For me, reading authors such as Pema Chodon, Tara Brach, and Kristen Neff has been very healing and helpful in developing self-love and compassion. I am currently reading Kristen Neff’s “Self Compassion” and would recommend it to everyone struggling with an eating disorder, depression, or anxiety, as well as anyone who experiences negative self-talk. Neff recommends that in moments of suffering, one can repeat a mantra: “This is a moment of suffering. Suffering is a part of life. May I show myself kindness in this moment? I am deserving of self-compassion.” Sometimes, when I feel sad, I turn that sadness into other emotions; guilt, self-hate, anger, insecurity. This Mother’s Day, I plan to talk to myself as I would a young child who I care about very much. “Honey, you’re feeling sad. It’s okay to feel sad. You have a sad situation; your mother passed away, and it’s a day to celebrate mothers, and you feel lost and alone. However, you are not alone. There are people around you who love and care about you very much. It’s okay to feel sad. This is sad.”

  5. Reach Out
    I am lucky enough to have an amazing treatment team who provided extra support this week, through appointments, notes in my journal, voicemail messages, and even an extra appointment on Mother’s Day. I know that this is not possible in every situation, but it doesn’t hurt to ask for support in whatever form you find most helpful. You can also reach out to trusted family or friends. Ask for what you need.

  6. Celebrate Yourself
    If you are a mom yourself, remember that this is your day, too! It is not only a day of remembrance and perhaps grief, but also a day of celebration for all you do as a mom. I am a single mom of a young child, so it really is up to me to plan my own celebration! This year, my son and I will be going out to lunch and picking out a bouquet of flowers to brighten up my bedroom. I also hired a babysitter so I could take a few hours to myself, to get a pedicure or go to the bookstore to read. Find something you love to do and go out and do it! Today is not just about your loss; it’s also about celebrating all you have done to be a great mom to your children.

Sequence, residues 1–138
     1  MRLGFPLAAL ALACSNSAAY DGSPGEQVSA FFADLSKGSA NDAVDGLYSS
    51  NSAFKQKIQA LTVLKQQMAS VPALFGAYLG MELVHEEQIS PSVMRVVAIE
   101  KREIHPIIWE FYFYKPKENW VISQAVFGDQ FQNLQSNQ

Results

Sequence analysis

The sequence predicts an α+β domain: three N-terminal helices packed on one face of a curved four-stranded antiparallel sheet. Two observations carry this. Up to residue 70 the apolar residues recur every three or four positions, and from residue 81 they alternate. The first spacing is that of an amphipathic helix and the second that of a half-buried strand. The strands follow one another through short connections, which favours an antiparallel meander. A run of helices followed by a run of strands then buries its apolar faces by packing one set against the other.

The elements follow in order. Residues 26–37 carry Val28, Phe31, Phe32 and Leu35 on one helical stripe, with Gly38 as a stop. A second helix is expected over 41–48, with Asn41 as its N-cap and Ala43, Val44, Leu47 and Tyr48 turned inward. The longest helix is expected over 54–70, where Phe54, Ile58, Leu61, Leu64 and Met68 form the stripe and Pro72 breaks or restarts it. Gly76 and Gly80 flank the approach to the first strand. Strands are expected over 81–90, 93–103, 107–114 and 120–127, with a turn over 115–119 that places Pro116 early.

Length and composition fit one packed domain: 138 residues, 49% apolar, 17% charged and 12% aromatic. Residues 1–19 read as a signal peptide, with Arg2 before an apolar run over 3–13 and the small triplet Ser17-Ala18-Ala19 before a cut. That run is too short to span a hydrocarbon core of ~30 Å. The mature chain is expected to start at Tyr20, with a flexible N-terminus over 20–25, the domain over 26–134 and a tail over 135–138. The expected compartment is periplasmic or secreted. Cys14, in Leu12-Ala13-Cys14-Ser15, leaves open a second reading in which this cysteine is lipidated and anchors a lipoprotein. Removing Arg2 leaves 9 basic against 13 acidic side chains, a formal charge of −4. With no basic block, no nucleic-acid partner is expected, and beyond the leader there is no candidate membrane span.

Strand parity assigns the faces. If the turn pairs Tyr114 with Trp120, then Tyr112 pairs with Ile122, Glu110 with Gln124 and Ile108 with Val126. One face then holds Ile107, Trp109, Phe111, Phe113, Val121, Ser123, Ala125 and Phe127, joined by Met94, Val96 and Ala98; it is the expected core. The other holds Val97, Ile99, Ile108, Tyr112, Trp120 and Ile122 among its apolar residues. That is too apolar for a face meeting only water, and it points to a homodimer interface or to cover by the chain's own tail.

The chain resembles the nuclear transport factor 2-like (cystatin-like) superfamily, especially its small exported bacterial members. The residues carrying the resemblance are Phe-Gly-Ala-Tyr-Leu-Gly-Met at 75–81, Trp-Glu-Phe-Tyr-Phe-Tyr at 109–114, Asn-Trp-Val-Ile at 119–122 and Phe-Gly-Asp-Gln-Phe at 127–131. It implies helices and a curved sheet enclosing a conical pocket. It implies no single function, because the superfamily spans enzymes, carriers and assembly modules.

Mother’s Day can be a hard day for many, especially those who have lost a mother. It is important that, on this day, we do our very best to take care of ourselves. Treat yourself like you would your five year-old self; with nurturance, compassion, and love.

Independence from Our Toxic Food Culture

  • posted by Marci Evans
  • Sunday, July 03, 2016

In this video blog I talk about how identifying and living from your own food values gives you sanity in an often insane food culture. In the spirit of Independence Day- I invite you to celebrate the fact that you are autonomous and can declare what does and does not work for you and your health. And I discuss why your internal wisdom has more value than all of the opinions or nutrition facts combined. Listen and then share with us your food values!


Marci's Top 5 Tips for Detoxing in 2016

  • posted by Marci Evans
  • Wednesday, December 30, 2015

      

As we get ready to ring in the New Year, I wanted to share with you my top 5 tips for detoxing in 2016. I’m going to do this David Letterman style so starting backwards with:

5.) Detox your closet by ditching clothes you can only fit into when starving and overexercising your body, suffering from a severe case of the flu, or battling a bout of significant depression. These clothes should not be a part of your life. If you can’t totally part with them yet, put them in a bin and then out of sight. Many people believe that keeping their “skinny clothes” inspires them. But if those clothes only fit as a result unhealthy behaviors or practices, you should never aspire to wear them again. Ever.

4. Detox the way you assess your body’s acceptability. I highly recommend tossing the scale or any other standard of measure that determines if your body is good enough. Checking on your weight may be done occasionally like any other health measure- periodically and to assess a global picture of health. Depending on your relationship to your weight and personal history, you might decide to take an extended break from the scale. I support this.

3. Detox all of the media in your life. Yes, social media, TV, and books. What are you bringing in to your mind, spirit, and body? Be selective because you are precious. And you might not realize that you are also deeply affected by what you consume. We passively take in all kinds of crap by virtue of being a human in the modern world. So we better take extra care with what we intentionally ingest in our media diet.